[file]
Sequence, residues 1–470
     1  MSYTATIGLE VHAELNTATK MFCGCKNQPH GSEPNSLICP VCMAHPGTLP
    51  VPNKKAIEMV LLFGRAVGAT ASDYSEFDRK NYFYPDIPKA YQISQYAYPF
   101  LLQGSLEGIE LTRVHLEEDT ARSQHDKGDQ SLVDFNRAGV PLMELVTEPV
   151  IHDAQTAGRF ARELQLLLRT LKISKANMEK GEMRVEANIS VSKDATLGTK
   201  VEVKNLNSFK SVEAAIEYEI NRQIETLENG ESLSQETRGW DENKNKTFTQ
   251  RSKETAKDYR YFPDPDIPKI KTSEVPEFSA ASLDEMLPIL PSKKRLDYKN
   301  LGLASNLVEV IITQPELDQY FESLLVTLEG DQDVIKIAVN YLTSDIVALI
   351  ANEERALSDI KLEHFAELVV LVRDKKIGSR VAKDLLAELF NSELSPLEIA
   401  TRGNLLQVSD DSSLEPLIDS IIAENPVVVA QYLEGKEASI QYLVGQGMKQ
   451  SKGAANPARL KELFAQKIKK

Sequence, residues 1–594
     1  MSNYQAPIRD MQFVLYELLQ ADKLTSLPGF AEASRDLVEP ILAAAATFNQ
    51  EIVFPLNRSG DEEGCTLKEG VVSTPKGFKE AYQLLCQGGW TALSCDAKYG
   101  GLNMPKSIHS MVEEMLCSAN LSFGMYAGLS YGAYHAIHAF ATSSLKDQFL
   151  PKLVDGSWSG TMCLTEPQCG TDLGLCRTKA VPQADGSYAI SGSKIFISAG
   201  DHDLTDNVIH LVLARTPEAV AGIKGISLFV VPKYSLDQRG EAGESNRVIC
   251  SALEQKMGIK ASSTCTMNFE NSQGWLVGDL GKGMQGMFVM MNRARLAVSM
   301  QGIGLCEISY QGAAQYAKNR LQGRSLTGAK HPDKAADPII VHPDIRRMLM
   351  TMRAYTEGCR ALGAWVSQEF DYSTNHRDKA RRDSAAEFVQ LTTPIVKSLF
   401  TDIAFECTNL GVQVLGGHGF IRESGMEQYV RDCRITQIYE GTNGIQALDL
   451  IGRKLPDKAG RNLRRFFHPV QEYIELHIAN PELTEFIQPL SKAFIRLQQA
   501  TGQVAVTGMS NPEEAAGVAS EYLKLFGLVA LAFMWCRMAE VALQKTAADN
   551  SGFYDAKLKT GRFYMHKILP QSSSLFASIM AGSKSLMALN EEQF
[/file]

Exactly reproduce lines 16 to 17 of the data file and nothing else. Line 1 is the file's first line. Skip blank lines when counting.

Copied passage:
   151  PKLVDGSWSG TMCLTEPQCG TDLGLCRTKA VPQADGSYAI SGSKIFISAG
   201  DHDLTDNVIH LVLARTPEAV AGIKGISLFV VPKYSLDQRG EAGESNRVIC